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Irshad Manji

If it’s debate she wanted to spark, Irshad Manji has been successful. Her first book, The Trouble With Islam, was called “Bin Laden’s worst nightmare” by one reviewer.

In a controversial 2007 documentary, Faith Without Fear, the unabashed lesbian — who remains a devout Muslim — “seems driven by a sense of duty.”

“She manages a Facebook community of 10,000 members, dispensing advice via a council of experts whom she has painstakingly selected,” observes an Newsweek/Daily Beast article.  “And she has published a new book, Allah, Liberty and Love, a rallying cry to Muslims — especially young ones — around the world to think and talk more freely, one that’s bound to incite great anger among authoritarian Islamists.”

As a result, she does not talk much about where she lives — and doesn’t spend much time there.

“Many of the death threats she’s received claim to monitor her movements,” notes Newsweek/Daily Beast. “Yet Manji refuses to mute her arguments or slow her pace in her fight to convince Muslims to ‘drop the groupthink’ and follow their consciences as individuals.”

The front and back covers of bestselling author Irshad Manji's new book

“Irshad Manji thrives on controversy,” writes Montreal book reviewer Eric Hamovitch. “Her early career included hosting a Toronto-based TV show exploring gay and lesbian issues. She later turned her attention to the Muslim faith in which she was raised.” He continues:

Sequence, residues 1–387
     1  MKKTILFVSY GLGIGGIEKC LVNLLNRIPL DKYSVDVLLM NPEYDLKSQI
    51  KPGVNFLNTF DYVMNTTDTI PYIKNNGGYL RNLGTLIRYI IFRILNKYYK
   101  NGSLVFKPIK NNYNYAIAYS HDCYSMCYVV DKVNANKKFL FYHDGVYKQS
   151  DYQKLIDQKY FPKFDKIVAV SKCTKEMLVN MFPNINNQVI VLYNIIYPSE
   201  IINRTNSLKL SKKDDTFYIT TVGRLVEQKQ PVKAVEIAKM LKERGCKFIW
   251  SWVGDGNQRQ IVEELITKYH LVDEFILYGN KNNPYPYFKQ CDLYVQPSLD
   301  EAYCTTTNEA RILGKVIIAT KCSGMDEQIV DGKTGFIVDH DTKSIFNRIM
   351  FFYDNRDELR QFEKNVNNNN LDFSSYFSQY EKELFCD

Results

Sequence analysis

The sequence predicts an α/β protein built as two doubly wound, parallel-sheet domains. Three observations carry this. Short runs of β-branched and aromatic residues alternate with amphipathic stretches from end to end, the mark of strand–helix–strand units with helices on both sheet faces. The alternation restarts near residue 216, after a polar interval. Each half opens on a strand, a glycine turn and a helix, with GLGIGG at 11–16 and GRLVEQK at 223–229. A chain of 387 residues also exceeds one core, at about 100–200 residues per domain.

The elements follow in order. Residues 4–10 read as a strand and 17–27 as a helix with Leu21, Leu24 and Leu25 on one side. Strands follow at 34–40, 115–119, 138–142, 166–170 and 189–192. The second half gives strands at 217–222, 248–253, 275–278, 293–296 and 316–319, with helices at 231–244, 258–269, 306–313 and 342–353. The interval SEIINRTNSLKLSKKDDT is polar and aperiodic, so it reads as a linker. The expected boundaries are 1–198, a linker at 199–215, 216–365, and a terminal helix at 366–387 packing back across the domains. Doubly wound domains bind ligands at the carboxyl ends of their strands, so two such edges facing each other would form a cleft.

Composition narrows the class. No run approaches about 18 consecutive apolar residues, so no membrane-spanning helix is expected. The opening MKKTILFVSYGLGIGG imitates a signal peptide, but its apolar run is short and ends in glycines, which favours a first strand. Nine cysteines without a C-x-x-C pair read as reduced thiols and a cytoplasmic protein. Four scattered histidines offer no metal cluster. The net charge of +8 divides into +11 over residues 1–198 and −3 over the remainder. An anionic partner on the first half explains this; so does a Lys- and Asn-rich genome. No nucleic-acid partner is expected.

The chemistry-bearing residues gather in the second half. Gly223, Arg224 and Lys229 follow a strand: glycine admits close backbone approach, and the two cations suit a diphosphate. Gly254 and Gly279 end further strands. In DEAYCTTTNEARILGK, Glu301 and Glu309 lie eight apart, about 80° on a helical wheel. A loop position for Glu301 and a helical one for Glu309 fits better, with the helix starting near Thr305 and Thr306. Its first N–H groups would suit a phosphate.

Both books challenge the stifling conformity in which she says Islam is trapped, and both question what she sees as errant and perversely violent interpretations of verses from the Qur’an (her preferred spelling). The first book paints a bleak picture of contemporary Islam, a faith she nonetheless refuses to abandon, while the second book seeks a more hopeful way forward.

The central concept she espouses is ijtihad, derived from the same verbal root as jihad, or struggle. Manji defines ijtihad as the Muslim tradition of dissenting, reasoning and reinterpreting. “Ijtihad is about struggling to understand our world by using our minds,” she writes, and this “implies exercising the freedom to ask questions – sometimes uncomfortable ones.” This tradition, she argues, has a glorious past. Its revival would help Muslims enhance their faith and throw off oppressive strictures.

Newsweek/Daily Beast notes:

She lectures frequently and is featured regularly on television with the likes of Christiane Amanpour, Salman Rushdie, and David Frost. She responds to innumerable disputatious emails from her highly interactive website — one that offers, among other things, a downloadable guide for Muslims contemplating interfaith marriage.

As director of the Moral Courage Project at New York University, Manji teaches from a score of hefty historical texts about free speech and diversity. Determined to “provoke a spirit of discussion wherever I went,” Manji spent almost a decade trying to show Muslims “that open debate was possible in their community and for others to see that Muslims could exchange ideas in a civilized atmosphere.”

“Do you think that the ideas in this book serve constructively for the right kind of dialogue?” she asks. “I hope, and I pray to God that at its best, it could contribute to a new civil-rights movement between Muslims and non-Muslims.”

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